On behalf of Wyatt Investment Research, I'm writing to let you know that all of our East Coast employees from Northern Virginia to Vermont have weathered Hurricane Irene.
Our offices in Washington, DC and Richmond, Vermont have been undamaged by the storm, and other than a few power outages, trees down, and road closures, we were lucky to be largely unaffected. We hope our many loyal customers were similarly unscathed by the storm.
Our thoughts are with those who bore the brunt of this hurricane as it made its way up the East Coast. Many of our neighbors here in Vermont have suffered far worse as a result of the massive flooding.
Wishing you and yours all the best as we recover from the storm.
This is Andy Crowder writing now from my house in Vermont.
As an options trader I am often asked about my favorite options strategy for producing income. And recently, after working with Ian Wyatt on an issue for SmallCap Investor Daily titled "What You Need to Know Before Using Options on Small Cap Stocks," I have been bombarded with questions from small cap investors about how to trade small cap stocks for income using options.
In my opinion, the best way to bring in income from options on a regular basis is by selling vertical spreads, otherwise known as credit spreads.
In late July I started publishing credit spread trades for Small Cap Daily readers. So far, I have four successful trades with a win ratio of 100 percent. But, I am a realist and know this perfect streak won't last forever. I realize there is no holy grail in trading.
Losing trades are a definite. It is how they are managed over the long-term that proves the success of a strategy, and I think I have shown over the past few years that I have managed my strategies appropriately to both capture gains and limit losses. My performance speaks for itself.
Now I want to bring to my strategies bring them to Wyatt Investment Research. Capital preservation is one of the key elements of my strategies and I insist on a disciplined, risk-management approach so that my strategies will have the best chance at long-term success.
Here is a simple example using my most recent trade.
Recently, I suggested a trade for our TradeMaster publication. I placed an options trade using the highly liquid iShares Silver Trust (NYSE:SLV) as my underlying. Similar strategies can work with small cap stocks too, you just need to make sure that there are liquid (, i.e. frequently traded), options on the stock in question.
At the time we entered this trade silver was trading at new lows and consolidating, so I decided to place the following trade:
- Sell to open Aug11 SLV 28 puts
- Buy to open Aug11 SLV 26 puts
This spread created a total credit of $0.24 (or higher) for a return of 12 percent.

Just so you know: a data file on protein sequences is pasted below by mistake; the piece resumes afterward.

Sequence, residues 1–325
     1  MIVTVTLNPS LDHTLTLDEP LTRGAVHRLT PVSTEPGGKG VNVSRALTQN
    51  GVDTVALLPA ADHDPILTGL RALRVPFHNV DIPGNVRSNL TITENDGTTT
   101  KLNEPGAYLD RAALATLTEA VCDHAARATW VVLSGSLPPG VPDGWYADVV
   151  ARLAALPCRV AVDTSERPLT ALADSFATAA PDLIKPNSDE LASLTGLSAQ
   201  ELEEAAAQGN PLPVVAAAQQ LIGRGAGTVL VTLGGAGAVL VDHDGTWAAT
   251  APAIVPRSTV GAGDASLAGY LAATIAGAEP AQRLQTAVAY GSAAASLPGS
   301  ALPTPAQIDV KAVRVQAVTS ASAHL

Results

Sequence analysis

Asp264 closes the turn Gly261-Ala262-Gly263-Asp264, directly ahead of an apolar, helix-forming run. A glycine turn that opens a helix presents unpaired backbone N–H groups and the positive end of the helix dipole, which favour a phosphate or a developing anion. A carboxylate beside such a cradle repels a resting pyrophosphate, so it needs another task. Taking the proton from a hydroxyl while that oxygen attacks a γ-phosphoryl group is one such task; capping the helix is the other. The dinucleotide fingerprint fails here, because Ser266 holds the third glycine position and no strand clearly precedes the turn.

At the time silver was trading for roughly $33.00. While I was bullish on silver, I still wanted some downside protection, which is why I sold the Aug11 SLV 28/26 vertical put spread.
The SLV credit spread allowed for a 15 percent decline in the underlying (in this case SLV) before the trade was in jeopardy of becoming a loser.
As long as SLV closed above $28.00 at August expiration, I would make 12 percent on the trade.
Amazing, right? Nice upside, with limited downside. This is why my options strategies are a necessity in any portfolio. If used correctly, they can be a powerful tool to enhance returns in your overall portfolio - even if the market slips significantly lower, moves higher or trades sideways.
With August expiration 32 days away, the credit spread that I placed was only worth $0.03. Given the limited upside remaining, I decided to take all risk off the table and buy back the spread. Here is the trade to do this:
- Buy to close Aug11 SLV 28 puts
- Sell to close Aug11 SLV 26 puts for $0.03
Some of you might be asking why would I not just let the spread expire worthless, which would allow us to reap the entire $0.24?
The answer is that upside was limited. While I did not think SLV will move 28 percent lower over the next 32 days, I was not willing to take a chance of silver breaking to new lows just to make an additional $0.03.
Trading - particularly options trading - is about taking profits when it makes sense; and being prudent, staying disciplined and most importantly, looking at the long-term picture.
As I always say, opportunities are made up easier than losses. Trying to squeeze $0.03 out of a trade just isn't worth the risk. The trade was successful, making 11 percent in just over three weeks. Now it isSo it was time to move on to the next opportunity.
On Thursday I will bring you my next credit spread trade on SLV and another trade in the small cap index iShares Russell 2000 (NYSE:IWM).
If you have any questions about the strategy, or any options related questions for that matter, please do not hesitate to email me at email@example.com.